In support of teachers

This is the second time I’ve tried to write a post about my thoughts about teachers’ current situation in Saskatchewan.  I was totally unprepared for what an emotional toll the past few weeks would have on me. I am sure it doesn’t even compare to what my colleagues who are working are going through.  For those of you not from around here, for the first time in history Saskatchewan teachers took job action that so far has resulted in 3 days of a full removal of professional services and a removal of all voluntary services until further notice.  As removed as I am from the school, I have still had the “opportunity” to hear some very ignorant things being said about teachers and their “selfish” decision that “hurts students.”  There has been a lot of talk about “bad teachers” and how they don’t deserve a raise.

Teaching is an interesting profession.  EVERYONE has an opinion about education.  I guess it’s fairly hard not to, since the majority of the population spent at very minimum 12 years in school.  Everyone seems to have a story about their favorite teacher, their favorite coach/supervisor, and a handful of stories about the worst teacher ever.  The subject matter addressed from K-12, for the most part, is accessible to the general public as well.  These years of experience plus a seemingly accessible level of content makes everyone an expert.  Experts, as it would seem, love to judge.  More on this later.

Saskatchewan teacher have been trying to negotiate with our government since May 2010.  We have been without a contract since August of 2010.  There has been much focus in the media about how this dispute is strictly over money.  The media has neglected to mention one of the very important reasons for this – Saskatchewan teachers have a bi-leveled bargaining system.  We bargain at both the provincial and the local level.  It is at the provincial level where we bargain for money, our benefits package, and our working conditions.  At the local level we bargain for our preparation time, leaves (maternity, parental, educational, sabbatical), how we get paid, and other general support issues.  I think this is important to mention because the “only” thing we’re bargaining for is money.  If the election that was just held is any indication, our conservative province (and country) should support our teachers in saying we’d like the money please, we will deal with additional health expenses on our own if they arise.  We can’t bargain for other things related to our profession that we value at this time, as they are out of the control of the province and in the control of our local associations.

From my personal experiences, I think there are two huge reasons teachers have been and are being devalued by our government.

1)  Teachers are really nice people.  Have you met us?  In general, we all really like our jobs.  So much so that we continue to do it long after the school day is over.  Historically, the cost of living in Saskatchewan has been quite low.  While we were in a provincial state of financial distress, I would hazard a guess that the majority of teachers didn’t want to seem greedy.  We accepted lame duck contract after lame duck contract, happy to have jobs we love.  However, during these same times we watched other government employees bargain for huge raises.  Fiscal distress for the province seemed to translate mostly into “no money for teachers” instead of “no money for anyone.”  With the housing boom in Saskatoon, Regina and many other smaller centers, new teacher families can no longer afford to purchase a house on their salaries unless they get a second job.  Our government has done nothing but brag about how well our province is doing financially.  These people, creating this fantastic economy?  They are our students.  They are the products of our education system.  In this time of strong economy, we would like to be acknowledged for our hard work at helping create it, for our patience in recognizing that we understand that the government needs to be financially responsible.  We also would to maintain our profession and we can’t do this when becoming a teacher simply isn’t financially viable or appealing for young people.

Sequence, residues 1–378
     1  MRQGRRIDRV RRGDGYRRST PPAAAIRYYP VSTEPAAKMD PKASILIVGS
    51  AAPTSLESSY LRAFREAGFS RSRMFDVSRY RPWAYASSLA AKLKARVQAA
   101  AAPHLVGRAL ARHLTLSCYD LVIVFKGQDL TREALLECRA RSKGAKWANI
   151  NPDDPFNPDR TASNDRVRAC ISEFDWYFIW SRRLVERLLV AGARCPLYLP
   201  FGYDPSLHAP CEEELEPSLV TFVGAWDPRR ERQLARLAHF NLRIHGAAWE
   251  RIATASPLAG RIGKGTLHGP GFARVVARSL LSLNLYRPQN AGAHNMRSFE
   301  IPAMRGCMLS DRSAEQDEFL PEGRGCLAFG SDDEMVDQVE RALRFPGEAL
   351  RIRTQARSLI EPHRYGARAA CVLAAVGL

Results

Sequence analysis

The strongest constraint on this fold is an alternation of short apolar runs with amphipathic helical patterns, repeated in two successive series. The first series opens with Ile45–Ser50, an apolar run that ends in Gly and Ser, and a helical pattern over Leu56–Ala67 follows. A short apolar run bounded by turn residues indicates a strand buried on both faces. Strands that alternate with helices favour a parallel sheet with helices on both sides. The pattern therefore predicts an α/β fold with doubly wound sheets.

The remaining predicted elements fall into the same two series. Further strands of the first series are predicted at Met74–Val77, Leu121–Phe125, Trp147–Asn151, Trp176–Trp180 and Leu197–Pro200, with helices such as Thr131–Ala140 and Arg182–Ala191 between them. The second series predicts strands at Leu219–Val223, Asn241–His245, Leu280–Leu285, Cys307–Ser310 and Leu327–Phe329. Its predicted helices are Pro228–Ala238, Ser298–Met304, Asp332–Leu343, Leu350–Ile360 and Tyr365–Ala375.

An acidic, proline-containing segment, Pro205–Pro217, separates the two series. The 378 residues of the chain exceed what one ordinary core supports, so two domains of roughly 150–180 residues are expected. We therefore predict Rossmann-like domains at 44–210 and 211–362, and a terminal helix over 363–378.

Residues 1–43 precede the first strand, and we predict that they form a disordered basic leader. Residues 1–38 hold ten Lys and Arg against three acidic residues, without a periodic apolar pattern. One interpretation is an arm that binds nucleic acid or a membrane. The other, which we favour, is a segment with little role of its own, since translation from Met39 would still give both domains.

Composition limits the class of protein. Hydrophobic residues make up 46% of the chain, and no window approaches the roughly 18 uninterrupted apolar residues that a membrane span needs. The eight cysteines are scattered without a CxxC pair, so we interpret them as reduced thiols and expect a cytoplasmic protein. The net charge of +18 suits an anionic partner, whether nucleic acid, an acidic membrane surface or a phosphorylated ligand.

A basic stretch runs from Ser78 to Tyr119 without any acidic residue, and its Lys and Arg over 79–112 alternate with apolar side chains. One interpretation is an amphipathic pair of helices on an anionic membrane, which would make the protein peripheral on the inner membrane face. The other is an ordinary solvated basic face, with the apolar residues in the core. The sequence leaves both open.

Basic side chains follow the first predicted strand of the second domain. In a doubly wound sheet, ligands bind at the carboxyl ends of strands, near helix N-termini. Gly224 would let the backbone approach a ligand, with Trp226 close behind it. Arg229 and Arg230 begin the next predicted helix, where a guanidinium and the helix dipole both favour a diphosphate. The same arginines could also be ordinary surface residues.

2)  Back to that whole everyone is an expert thing.  After the birth of my son we had the experience of needing to stay in the pediatric unit of our hospital for 5 days.  It became very obvious, very quickly that there were a handful of not so good nurses mixed in with all the excellent nurses.  However, the general public does not feel that tomorrow they could leave their jobs and just be a nurse.  I don’t think this is the same for teaching.  Those 12 years spent as a student give the public the impression that the could step into a classroom tomorrow and be a teacher.  Sure, many will say they would never want to do this, but they could.  Folks, the majority of you could not, without being that horrible teacher you love to reminisce about so much.  If you would like proof of this, please look at our neighbours to the south (Hi America! I have some seriously fantastic American teacher friends, but your system is a bit of a train wreck right now, I still love you!) and the top achieving countries in the world (Finland, Singapore and Japan are great examples).  The differences between these educational landscapes are largely because of their teacher training, and following that, the recognition and compensation teachers are given.  I’m sure you all went to school with education students who at some time were “making a collage” while you were busy writing an essay but you can trust me when I say getting a B.Ed is not 4 years of making collages.  I understand that you all have a story about a bad teacher, or your kid’s bad teacher.  This, paired with the impression that anyone could do our job, somehow equates into teachers being lazy schmucks who get summers off.  Perception is a funny thing.  That one bad experience tends to trump all the good ones combined. (Also, for the millionth time, WE DON’T GET PAID DURING THE SUMMER!)

In the last week I have watched my government take out attack ads on my profession.  I have watched my tax dollars hurt myself, my colleagues and our reputation as teachers.  I have watched the government use scare tactic after scare tactic to turn the public against me.  Me, who is currently pursuing a master’s in mathematics education on my own dime, so I can be a better teacher.  Me, who regularly spends my own money to attend professional development since our current government continues to cut educational funding.  Me, who for large portions of the year spends more time with other people’s kids than I do with my own family.  Me and all the teachers in Saskatchewan who tell their own stories of teaching that will look remarkably similar to mine .